I'm Sorry I Haven't a Clue

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BBC Radio 4, 11 April 1972 to present (353 programmes in 50 series, plus at least 14 annual compilations, 9 Christmas specials, and seven other specials.)
BBC Radio 4, 11 April 1972 to present (353 programmes in 50 series, plus at least 14 annual compilations, 9 Christmas specials, and seven other specials.)
BBC Four, 13 September 2008 (filmed recording of stage show)
Random Entertainment for BBC Four, 13 September 2008 (filmed recording of stage show)

Revision as of 00:23, 20 September 2008



Barry Cryer or Humphrey Lyttelton (alternating, 1972)

Humphrey Lyttelton (1973-2007)

Not yet known (2009)


Regular panellists: Barry Cryer, Tim Brooke-Taylor, Graeme Garden (1972-present)

Willie Rushton (1973-1996)

Pianist: Dave Lee (1972-1973 or 74), Colin Sell (1974 or 75-present).

Other panellists (in order of first appearance): Jo Kendall, Bill Oddie, John Cleese, John Junkin, Jonathon Lynn, Denise Coffey, Mike Harding, Kenny Everett, Bill Tidy, Stephen Fry, Paul Merton, Tony Hawks, Jeremy Hardy, Sandi Toksvig, Fred MacAulay, Max Boyce, Phill Jupitus, Andy Hamilton, Neil Mullarkey, Linda Smith, Bill Bailey, Harry Hill, Ross Noble, Jack Dee, Rob Brydon.

Stand-in pianists: David Firman, Neil Innes, Denis King, Matthew Scott


BBC Radio 4, 11 April 1972 to present (353 programmes in 50 series, plus at least 14 annual compilations, 9 Christmas specials, and seven other specials.)

Random Entertainment for BBC Four, 13 September 2008 (filmed recording of stage show)


Billed as "the antidote to panel games", ISIHAC (as its lazier fans call it) has become a radio institution.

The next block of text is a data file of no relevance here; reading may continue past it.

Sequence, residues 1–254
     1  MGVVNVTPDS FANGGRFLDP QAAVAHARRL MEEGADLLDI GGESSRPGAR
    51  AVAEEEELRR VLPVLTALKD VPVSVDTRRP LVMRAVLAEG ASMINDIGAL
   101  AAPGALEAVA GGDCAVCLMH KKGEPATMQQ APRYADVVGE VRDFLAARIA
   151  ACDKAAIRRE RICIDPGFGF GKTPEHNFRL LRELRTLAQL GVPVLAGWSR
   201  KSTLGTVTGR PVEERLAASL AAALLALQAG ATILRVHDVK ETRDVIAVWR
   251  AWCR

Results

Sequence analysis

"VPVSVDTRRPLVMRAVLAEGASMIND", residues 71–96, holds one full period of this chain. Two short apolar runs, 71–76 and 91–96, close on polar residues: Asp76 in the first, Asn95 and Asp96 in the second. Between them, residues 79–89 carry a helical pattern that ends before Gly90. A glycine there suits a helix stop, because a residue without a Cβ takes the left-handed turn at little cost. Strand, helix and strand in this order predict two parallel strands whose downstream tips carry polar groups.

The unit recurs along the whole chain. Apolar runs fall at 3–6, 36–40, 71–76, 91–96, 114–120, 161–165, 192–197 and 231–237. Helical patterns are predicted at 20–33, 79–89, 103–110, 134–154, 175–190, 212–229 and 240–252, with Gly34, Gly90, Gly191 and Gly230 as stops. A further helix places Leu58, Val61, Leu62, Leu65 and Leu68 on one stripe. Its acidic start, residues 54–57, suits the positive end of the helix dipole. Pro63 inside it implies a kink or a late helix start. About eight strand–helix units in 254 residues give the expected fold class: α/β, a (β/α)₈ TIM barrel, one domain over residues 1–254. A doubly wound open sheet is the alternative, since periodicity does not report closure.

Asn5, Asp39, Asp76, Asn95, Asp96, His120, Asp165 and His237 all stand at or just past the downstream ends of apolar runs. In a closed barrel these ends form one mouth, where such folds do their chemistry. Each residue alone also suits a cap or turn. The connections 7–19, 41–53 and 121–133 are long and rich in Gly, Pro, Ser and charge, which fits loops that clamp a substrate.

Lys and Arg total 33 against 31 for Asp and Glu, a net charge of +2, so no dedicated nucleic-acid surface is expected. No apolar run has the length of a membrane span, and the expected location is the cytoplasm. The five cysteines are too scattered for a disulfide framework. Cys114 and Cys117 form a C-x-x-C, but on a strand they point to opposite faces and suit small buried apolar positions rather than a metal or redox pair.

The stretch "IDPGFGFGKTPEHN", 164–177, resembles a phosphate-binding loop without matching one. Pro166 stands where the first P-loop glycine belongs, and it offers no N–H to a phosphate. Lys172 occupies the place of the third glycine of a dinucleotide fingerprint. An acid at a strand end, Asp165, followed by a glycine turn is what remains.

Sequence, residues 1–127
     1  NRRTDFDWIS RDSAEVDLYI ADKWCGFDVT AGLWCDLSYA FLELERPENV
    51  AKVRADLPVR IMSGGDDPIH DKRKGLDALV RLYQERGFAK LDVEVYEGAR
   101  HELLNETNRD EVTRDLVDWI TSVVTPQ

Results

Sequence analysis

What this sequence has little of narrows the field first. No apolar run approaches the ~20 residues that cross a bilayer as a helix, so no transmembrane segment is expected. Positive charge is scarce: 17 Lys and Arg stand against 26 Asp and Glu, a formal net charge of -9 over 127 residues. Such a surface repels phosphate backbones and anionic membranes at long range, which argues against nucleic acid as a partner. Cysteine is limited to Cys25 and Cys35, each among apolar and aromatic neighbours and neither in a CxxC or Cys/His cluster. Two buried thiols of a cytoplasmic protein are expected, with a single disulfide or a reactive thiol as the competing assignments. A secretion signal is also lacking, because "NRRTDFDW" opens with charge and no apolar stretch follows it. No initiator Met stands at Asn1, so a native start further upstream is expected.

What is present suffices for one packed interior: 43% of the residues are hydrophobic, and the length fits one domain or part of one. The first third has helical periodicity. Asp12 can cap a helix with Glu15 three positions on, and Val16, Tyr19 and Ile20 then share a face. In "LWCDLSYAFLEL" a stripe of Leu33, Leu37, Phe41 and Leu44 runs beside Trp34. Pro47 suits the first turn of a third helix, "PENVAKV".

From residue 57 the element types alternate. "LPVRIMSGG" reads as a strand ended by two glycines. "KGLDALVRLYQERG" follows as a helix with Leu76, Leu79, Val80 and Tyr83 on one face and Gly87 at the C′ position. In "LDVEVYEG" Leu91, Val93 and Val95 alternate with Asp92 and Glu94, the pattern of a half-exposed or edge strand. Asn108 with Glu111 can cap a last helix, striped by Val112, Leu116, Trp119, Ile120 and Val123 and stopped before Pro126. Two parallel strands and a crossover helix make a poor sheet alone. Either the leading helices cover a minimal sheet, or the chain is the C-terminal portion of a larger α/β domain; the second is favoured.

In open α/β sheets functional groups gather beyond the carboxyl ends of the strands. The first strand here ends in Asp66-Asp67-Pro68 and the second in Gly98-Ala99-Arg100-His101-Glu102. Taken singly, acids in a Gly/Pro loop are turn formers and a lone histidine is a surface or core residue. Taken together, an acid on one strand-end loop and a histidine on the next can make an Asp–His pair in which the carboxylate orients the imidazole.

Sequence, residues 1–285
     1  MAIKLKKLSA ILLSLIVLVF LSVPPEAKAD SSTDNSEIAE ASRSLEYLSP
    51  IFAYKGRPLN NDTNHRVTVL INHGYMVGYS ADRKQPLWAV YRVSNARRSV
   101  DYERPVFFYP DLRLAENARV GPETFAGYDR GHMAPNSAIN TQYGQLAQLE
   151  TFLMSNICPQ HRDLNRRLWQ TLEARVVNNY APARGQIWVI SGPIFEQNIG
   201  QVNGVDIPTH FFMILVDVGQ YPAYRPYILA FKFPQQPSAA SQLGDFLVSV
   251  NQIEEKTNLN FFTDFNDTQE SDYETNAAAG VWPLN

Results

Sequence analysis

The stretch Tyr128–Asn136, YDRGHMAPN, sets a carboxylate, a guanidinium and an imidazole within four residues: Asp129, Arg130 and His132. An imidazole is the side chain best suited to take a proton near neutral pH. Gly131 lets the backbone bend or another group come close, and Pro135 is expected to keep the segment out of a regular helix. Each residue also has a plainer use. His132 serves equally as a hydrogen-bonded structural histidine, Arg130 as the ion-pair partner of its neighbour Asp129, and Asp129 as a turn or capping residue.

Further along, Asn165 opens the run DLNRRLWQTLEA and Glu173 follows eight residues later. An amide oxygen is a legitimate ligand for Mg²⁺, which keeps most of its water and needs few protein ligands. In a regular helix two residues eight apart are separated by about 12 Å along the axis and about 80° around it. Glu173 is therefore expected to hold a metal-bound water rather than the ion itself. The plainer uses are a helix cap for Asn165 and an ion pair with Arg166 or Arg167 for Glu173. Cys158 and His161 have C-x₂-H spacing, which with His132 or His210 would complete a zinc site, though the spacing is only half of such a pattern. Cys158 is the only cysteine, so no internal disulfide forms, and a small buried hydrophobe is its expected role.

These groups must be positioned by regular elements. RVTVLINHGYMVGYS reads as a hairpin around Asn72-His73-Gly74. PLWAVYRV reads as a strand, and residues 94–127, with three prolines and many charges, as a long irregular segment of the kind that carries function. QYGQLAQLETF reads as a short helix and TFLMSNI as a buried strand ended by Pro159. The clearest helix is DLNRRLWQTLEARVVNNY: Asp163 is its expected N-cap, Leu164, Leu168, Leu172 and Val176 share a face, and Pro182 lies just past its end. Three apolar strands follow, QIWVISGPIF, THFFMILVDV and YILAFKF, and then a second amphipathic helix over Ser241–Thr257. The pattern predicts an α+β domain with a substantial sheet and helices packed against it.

Originally devised as a way for the cast of the sketch show I'm Sorry I'll Read That Again to show off their comic talents without having to go through all that time-consuming business of writing and rehearsing beforehand, ISIHAC has stood outside the whims of fashion for more than thirty years and has become the longest-running improvisational comedy show on the radio. Or anywhere else, for that matter.

The original panellists were ISIRTA regulars Tim Brooke-Taylor, Graeme Garden, Bill Oddie and Jo Kendall, with Humphrey Lyttelton and Barry Cryer alternating as chairman. Kendall left after one series, whereupon Cryer took up a permanent place on the panel and Humph became full-time chairman. The classic line-up was completed shortly afterwards, when Oddie left to be replaced by Willie Rushton. There were occasional substitutions over the years when one of the regulars was otherwise engaged (John Cleese was a frequent stand-in in the early years, and later Bill Tidy) but essentially the line-up remained unchanged until the sudden death of Rushton in 1996, since when it's usually been the three regulars plus guest.

The classic line-up brush up on the rules of Mornington Crescent (vol. 17)

The players are given, as the end credits put it, "silly things to do". Among the classic games are Cheddar Gorge (basically the old kids' game of adding words to a sentence one at a time), One Song To The Tune Of Another (the very first game ever played on the programme, and pretty self-explanatory; one of the series' running jokes is Humph's needlessly complicated explanations of this game), Limericks (again, pretty easy to grasp), Sound Charades (charades using, er, sound - generally involving a pun on the title to be guessed) and Mornington Crescent (a supposedly tactical - but actually nonsense - game which has spun-off into at least two books and a spoof documentary).